Ask any dog fancier to show you a snapshot of his lovable animal and he’s bound to regale you with an album-full of dog pictures!
Dogs and cameras seem to have been made for each other. But modern photographers count their blessings – it wasn’t always as easy as today’s ‘point and shoot’ technique which can stop a dog in mid jump catching a Frisbee, and come out looking perfect!
Dog Pictures From The Past
When the first photograph was taken in 1839, the photographer, Louis Daguerre, had to leave the shutter open for twenty minutes just to get enough light on the film (Quite an improvement over the eight hour exposure time earlier experimenters used.)
In just a few years, the art of photography spread like wildfire throughout the country and new developments made shorter exposure times possible – although exposure was still measured in minutes rather than the fraction of a second it now takes.
Photographing people was difficult enough. To keep them motionless during exposure they were often held rigidly in place by braces and vise-like head grips. Children were even worse – the slightest squirm blurred the photo. With daddy standing sternly nearby ready to scold the small poser if he scratched his nose, the photographer was nevertheless able to produce fairly good quality photos.
Dog Pictures Were Just As Popular
But just as with today’s dog owners, everyone with a pet pup wanted to get him into the act, too. However, even the best-trained pooch couldn’t be expected to freeze for five minutes while the photographer exposed his film.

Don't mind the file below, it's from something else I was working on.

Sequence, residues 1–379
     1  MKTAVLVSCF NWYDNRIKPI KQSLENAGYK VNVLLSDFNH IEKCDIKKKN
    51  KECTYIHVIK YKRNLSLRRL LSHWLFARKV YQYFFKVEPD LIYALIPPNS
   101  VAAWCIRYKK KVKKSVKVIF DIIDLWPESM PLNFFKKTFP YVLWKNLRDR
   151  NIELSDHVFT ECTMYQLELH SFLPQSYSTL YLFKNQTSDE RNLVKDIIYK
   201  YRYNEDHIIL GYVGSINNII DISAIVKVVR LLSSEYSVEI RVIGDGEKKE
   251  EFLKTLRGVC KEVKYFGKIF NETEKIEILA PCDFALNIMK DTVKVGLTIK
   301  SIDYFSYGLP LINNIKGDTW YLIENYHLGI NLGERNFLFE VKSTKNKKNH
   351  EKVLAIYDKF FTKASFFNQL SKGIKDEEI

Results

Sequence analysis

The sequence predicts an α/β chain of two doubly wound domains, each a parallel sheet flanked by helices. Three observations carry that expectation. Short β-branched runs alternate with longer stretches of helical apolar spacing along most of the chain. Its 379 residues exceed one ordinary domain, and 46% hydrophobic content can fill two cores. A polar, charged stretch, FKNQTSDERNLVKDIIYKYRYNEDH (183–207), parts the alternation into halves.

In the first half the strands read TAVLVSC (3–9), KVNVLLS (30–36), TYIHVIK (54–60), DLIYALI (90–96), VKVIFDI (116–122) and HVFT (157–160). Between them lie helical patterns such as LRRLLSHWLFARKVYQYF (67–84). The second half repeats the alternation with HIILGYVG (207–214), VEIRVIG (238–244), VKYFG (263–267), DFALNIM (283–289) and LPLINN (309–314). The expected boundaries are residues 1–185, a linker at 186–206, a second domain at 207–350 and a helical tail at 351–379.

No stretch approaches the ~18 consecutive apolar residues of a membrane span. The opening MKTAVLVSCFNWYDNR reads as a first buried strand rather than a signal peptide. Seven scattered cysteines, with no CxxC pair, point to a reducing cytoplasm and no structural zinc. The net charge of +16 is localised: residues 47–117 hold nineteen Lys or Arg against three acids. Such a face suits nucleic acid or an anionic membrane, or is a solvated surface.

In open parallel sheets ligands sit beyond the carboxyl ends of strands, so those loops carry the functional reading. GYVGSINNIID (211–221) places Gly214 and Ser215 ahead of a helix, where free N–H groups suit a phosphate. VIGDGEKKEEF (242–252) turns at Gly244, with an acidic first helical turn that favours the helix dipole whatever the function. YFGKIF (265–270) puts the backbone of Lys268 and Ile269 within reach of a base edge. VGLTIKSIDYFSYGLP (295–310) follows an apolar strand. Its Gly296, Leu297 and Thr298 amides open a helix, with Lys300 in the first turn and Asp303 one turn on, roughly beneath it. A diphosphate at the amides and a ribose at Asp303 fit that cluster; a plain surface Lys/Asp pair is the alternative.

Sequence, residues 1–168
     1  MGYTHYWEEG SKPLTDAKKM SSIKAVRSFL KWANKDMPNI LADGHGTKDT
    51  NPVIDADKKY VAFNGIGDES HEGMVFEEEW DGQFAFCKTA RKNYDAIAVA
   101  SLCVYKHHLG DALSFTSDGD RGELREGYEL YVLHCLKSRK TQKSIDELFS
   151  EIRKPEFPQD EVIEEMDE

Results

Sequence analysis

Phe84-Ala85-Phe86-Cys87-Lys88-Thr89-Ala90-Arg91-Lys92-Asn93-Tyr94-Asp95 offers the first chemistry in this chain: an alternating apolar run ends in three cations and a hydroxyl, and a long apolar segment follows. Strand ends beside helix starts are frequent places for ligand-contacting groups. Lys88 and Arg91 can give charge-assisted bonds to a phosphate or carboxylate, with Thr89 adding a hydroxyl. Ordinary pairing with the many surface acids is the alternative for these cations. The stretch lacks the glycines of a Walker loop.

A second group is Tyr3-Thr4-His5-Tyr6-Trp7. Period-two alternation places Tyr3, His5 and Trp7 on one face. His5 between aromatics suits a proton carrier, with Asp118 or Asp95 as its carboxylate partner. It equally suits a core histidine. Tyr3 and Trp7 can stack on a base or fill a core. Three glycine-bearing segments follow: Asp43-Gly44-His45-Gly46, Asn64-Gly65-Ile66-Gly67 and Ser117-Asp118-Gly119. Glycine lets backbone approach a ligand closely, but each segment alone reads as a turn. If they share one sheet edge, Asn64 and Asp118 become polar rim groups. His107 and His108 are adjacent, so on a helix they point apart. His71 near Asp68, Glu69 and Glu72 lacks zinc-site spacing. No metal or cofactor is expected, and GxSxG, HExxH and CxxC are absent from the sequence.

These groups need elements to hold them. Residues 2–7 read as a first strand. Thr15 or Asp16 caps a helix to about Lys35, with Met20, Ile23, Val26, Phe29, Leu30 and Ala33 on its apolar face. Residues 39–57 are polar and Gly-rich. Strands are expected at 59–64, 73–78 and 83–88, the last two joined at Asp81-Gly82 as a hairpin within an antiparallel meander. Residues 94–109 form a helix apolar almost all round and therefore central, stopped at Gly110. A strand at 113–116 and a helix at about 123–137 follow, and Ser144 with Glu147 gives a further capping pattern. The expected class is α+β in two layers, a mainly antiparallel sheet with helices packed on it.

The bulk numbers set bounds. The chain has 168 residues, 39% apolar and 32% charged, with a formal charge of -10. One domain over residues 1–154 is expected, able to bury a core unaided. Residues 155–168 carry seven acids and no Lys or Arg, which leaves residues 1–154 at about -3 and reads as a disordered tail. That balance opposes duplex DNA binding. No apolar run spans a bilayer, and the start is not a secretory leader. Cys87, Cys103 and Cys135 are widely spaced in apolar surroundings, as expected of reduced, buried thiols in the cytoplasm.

The twitch of a friendly tail ruined many dog pictures in those early days – but nothing could put a damper on the dog owner’s enthusiasm. He wanted a shot of his dog – whether it was a daguerreotype, ambrotype, carte de visite, tintype, cabinet photo or snapshot.
Photographers kept trying, and out of the mass of blurs and blotches emerged a number of dog pictures immortalizing man’s best friend – and the photographer’s worst model!
Collectors Of Dog Pictures
Recently, a phenomenal growth of interest in early photography has sent a small army of collectors scouring the country for the daguerreotype and its successors. Some collect only outdoor scenes, others specialize in civil war soldiers – but it’s the valiant few who search for dog pictures that have the most difficult task of all.
The blurred images were of course discarded long ago, and good quality dog photos were uncommon even during the 19th century. Today they can be ranked in the “rare” class and have been sold for as much as $500 or more.
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